The State Department viewed Palestine as an integral part of the Arab world. Thus, anything non-Arab was by definition "inherently foreign." The Department's Division of Near Eastern and African Affairs (NEA) did recognize the existence of the Jewish community in Palestine (Yishuv) and Palestine's status as terra sancta to three religions, but these non-Arab factors were regarded as "incidentals, hardly enough to change the Department's view that Palestine was, and must remain, an Arab area." The department downplayed the reality of entrenched minorities and communal differences in the Middle East and naively expected that those minorities would simply be absorbed by the "native majority," much the same as waves of new immigrants were, or at least were supposed to be, assimilated in the United States. [Michael J Cohen, Truman and Israel (Berkeley: Univ of California Press 1990), p 87; the quotes are from Philip Baram, The Department of State in the Middle East, 1919-1945 (Philadelphia: Univ of Pennsylvania Press 1978)]
In the Department's view. . . Zionism jeopardized the consummation of an Arab-American entente. The greatest departmental fear, played upon . . . by the Washington oil lobby, was that the administration's support for the Zionist cause would turn Ibn Saud [king of Saudi Arabia, modestly named after his dynasty in 1932] against ARAMCO and drive the Arabs into the arms of the Russians. [Cohen, p 88]
Perhaps the most critical period came between the UN [General Assembly] decision on November 29, 1947, to partition Palestine and the de facto establishment of Israel in May 1948. During this time, the State Department, ably assisted by the Defense Department, the National Security Council, and the CIA, determined to reverse American support for partition [meaning at that time support for Israel in part of the Land]. In this battle. . . waged in Washington the oil lobby helped to provide the administration with background material on real or alleged threats to American interests in the Arab world. [Cohen, p 97]We see that in the time before establishment of the State of Israel, powerful diplomatic and intelligence agencies, as well as the immensely rich and influential oil lobby, strenuously opposed Israel's rebirth. James Baker comes of course out of the oil milieu. Now, "leftists" scribbling today often claim that the "capitalists" and "imperialists" backed Israel. Close study of the events of that time show the very opposite. Another fact that we may cite here is that the USA put an embargo on weapons sales to the Middle East at that time, while Britain was openly arming Arabs. However, both the Soviet Union [through Czechoslovakia] and France sent weapons to the Jews in Israel. Note that support for Israel was ambivalent in both the USSR and France. The French foreign ministry [Quai d'Orsay] was hostile. In any event, the usual "imperialist" motives did not dominate American policy towards Israel in that period. Indeed, the "capitalists" and "imperialists" in the oil lobby, State Department and CIA openly opposed Israel. I L Kenen, a journalist very knowledgeable about Washington policy in that period, wrote that after 11-29-47:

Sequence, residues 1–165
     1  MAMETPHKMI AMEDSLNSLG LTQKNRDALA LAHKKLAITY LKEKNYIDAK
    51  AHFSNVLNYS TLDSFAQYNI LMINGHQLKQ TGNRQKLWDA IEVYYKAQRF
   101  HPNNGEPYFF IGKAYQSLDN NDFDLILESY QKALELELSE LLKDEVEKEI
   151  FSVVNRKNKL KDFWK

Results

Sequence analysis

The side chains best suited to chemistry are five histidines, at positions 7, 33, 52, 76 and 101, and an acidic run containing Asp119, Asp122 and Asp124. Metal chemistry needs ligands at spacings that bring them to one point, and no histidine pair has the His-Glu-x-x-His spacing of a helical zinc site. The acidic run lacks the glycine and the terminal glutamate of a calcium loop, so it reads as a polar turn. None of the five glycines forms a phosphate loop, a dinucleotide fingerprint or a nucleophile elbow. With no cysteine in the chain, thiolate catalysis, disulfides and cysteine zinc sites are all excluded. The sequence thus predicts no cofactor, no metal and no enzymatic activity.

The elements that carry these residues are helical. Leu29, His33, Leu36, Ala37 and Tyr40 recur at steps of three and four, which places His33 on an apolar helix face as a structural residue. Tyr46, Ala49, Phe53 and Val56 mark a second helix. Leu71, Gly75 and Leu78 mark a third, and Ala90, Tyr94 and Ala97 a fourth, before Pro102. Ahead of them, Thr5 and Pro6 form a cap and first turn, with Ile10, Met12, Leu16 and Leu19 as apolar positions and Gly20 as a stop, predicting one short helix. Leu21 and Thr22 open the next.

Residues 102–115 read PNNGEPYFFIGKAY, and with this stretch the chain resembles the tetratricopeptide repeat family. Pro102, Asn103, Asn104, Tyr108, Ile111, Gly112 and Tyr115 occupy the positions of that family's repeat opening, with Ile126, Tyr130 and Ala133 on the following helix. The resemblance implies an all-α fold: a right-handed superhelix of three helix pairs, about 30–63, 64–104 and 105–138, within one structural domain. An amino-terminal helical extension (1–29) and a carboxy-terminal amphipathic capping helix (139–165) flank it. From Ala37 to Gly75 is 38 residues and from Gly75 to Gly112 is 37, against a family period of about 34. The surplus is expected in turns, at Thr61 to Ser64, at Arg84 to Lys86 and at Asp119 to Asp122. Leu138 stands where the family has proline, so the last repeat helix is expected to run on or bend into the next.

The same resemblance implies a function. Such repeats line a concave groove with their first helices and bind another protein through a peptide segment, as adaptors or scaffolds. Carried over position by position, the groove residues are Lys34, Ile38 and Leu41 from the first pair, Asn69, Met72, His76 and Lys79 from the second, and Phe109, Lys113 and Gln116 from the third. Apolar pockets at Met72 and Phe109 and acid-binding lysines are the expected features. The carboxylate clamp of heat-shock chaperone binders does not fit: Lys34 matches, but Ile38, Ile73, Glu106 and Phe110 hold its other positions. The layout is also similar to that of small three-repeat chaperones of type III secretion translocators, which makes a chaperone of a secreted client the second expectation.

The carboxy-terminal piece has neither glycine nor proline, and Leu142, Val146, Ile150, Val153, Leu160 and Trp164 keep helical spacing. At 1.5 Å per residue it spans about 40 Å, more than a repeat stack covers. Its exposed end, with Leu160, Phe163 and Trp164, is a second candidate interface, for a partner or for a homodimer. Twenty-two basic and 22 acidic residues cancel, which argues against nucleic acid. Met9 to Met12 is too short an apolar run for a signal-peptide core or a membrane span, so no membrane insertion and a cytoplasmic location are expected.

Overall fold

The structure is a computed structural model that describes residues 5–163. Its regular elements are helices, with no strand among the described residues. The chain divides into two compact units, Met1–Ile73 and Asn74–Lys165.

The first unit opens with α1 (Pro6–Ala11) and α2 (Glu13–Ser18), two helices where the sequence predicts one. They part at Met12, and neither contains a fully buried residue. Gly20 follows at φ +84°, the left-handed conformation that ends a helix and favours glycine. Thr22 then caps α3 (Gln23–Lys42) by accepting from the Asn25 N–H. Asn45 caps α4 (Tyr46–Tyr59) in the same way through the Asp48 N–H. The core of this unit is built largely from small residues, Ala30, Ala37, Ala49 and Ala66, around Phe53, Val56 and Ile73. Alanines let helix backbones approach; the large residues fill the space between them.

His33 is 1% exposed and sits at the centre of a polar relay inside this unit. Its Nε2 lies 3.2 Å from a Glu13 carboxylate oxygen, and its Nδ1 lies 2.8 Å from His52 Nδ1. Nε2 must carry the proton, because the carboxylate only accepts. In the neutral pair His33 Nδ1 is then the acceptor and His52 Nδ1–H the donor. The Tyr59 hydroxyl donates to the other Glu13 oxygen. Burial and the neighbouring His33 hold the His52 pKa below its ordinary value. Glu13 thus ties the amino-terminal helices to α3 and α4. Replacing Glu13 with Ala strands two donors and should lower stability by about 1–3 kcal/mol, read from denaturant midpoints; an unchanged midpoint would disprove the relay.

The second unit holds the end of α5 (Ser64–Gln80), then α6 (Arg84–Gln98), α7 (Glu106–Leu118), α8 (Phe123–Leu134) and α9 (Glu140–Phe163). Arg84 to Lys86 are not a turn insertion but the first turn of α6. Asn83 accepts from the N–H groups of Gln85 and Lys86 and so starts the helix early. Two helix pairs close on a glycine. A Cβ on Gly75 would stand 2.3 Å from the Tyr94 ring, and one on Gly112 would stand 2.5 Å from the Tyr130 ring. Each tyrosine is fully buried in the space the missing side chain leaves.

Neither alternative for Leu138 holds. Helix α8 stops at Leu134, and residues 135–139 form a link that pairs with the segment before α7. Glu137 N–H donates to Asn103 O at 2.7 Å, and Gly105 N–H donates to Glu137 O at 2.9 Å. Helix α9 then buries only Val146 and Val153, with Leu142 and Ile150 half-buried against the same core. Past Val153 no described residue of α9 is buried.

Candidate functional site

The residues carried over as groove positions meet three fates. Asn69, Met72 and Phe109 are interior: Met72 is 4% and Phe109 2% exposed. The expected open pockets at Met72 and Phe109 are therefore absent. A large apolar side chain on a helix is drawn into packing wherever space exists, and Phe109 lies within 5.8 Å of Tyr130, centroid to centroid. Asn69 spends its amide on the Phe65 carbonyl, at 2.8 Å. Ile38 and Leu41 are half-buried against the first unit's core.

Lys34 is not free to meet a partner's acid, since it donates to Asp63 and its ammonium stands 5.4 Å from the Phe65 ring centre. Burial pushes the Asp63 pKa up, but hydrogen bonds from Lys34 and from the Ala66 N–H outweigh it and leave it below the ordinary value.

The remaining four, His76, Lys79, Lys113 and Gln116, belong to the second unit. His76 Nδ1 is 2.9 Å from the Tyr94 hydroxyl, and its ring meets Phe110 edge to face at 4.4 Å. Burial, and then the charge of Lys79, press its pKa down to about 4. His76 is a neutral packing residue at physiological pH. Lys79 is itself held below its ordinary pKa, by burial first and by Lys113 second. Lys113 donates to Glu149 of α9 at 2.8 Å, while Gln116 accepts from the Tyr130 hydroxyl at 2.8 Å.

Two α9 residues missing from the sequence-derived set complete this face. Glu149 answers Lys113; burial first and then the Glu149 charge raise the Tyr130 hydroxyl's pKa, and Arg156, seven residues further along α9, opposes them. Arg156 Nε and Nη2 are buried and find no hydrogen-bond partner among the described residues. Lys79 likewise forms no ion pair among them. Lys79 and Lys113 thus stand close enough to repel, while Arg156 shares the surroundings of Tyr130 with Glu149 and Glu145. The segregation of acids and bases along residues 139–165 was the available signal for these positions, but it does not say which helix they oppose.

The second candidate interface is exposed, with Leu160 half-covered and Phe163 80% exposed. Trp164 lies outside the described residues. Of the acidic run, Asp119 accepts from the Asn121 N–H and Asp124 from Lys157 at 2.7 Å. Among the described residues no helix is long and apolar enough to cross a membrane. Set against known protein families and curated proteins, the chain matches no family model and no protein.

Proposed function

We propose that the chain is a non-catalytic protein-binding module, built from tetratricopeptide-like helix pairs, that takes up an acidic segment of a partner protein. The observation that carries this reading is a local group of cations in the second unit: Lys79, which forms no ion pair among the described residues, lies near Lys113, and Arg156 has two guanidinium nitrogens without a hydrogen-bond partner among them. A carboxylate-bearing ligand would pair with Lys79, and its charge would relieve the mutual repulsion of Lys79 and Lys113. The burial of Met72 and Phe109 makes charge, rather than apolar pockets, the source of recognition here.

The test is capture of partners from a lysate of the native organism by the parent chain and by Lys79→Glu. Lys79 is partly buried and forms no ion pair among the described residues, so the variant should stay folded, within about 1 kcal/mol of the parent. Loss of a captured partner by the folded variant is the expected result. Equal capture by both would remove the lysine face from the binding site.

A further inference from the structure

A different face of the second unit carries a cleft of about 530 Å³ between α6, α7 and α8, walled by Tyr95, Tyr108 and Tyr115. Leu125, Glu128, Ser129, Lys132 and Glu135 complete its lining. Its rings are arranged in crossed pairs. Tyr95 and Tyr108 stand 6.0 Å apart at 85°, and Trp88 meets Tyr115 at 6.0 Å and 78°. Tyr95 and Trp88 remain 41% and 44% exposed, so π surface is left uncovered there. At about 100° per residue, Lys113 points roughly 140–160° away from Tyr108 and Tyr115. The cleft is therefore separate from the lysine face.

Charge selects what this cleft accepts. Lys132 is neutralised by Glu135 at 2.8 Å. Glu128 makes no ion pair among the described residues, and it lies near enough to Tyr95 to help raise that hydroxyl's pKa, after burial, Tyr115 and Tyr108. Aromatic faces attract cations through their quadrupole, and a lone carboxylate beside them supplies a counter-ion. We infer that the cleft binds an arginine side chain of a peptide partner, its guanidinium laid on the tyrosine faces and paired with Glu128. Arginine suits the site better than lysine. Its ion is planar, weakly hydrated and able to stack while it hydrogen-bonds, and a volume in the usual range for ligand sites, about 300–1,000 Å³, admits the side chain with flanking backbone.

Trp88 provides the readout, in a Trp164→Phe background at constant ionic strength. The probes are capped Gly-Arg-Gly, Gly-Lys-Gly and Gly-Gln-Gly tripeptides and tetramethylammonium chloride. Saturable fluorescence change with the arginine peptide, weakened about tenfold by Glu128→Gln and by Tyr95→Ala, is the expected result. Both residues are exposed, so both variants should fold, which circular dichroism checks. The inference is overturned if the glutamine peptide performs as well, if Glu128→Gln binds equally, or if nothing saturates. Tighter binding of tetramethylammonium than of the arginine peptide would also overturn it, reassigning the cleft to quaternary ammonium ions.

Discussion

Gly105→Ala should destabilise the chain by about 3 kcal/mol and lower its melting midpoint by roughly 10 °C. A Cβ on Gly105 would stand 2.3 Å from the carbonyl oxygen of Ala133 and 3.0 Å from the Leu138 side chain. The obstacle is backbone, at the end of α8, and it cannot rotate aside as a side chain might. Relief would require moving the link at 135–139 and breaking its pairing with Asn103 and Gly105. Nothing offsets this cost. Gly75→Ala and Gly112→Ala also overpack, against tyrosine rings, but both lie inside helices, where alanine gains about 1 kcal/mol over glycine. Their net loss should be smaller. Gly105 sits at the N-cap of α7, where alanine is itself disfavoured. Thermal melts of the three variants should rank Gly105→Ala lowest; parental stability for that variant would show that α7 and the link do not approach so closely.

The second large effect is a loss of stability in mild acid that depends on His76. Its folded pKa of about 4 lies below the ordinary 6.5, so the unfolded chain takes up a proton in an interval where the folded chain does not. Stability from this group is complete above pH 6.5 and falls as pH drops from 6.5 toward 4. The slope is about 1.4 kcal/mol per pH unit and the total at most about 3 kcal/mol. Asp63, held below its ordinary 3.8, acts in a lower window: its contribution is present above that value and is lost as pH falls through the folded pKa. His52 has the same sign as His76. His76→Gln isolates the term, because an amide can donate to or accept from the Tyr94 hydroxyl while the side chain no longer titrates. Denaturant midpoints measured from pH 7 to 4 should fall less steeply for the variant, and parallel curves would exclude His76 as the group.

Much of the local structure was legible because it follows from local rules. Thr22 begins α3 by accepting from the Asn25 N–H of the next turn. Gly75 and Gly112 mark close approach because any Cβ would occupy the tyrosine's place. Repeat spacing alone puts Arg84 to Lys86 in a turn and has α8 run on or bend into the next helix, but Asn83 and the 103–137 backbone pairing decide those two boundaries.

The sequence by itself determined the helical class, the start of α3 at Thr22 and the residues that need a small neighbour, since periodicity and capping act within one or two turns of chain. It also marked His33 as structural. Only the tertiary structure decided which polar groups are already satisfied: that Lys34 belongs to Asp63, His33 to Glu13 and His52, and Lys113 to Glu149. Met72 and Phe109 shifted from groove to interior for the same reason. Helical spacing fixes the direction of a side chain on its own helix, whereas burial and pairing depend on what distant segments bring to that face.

. . . pro-Arab forces mounted a propaganda offensive to reverse the [UN General Assembly] partition resolution. Their coalition included Arabists and Anglophiles, oil lobbyists, missionaries, and diplomats. [I L Kenen, Israel's Defense Line: Her Friends and Foes in Washington (Buffalo: Prometheus Books 1981), p 49]Elsewhere in the book cited [p 114] and in other publications, Kenen called these pro-Arab forces [which he saw as also including the CIA] The Petro-Diplomatic Complex. In any event, today's common narrative --or fable-- about who and what interests supported Israel in that period is false.
On US policy in the fateful years of the British White Paper, the Holocaust, and the Jewish underground against the British, see:
Frank Gervasi, The Case for Israel (New York: Viking Press 1967).
Joseph B Schechtman, The United States and the Jewish State Movement: The Crucial Decade, 1939-1949 (New York: Thomas Yoseloff 1966).
For an account of the BBC policy toward the Holocaust, see:
here & here & here & here & here
For Owen Lattimore's comments and analysis, see here.
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Coming: more on James Baker, more on Jews in Jerusalem, recent archeology in Israel, peace follies, etc.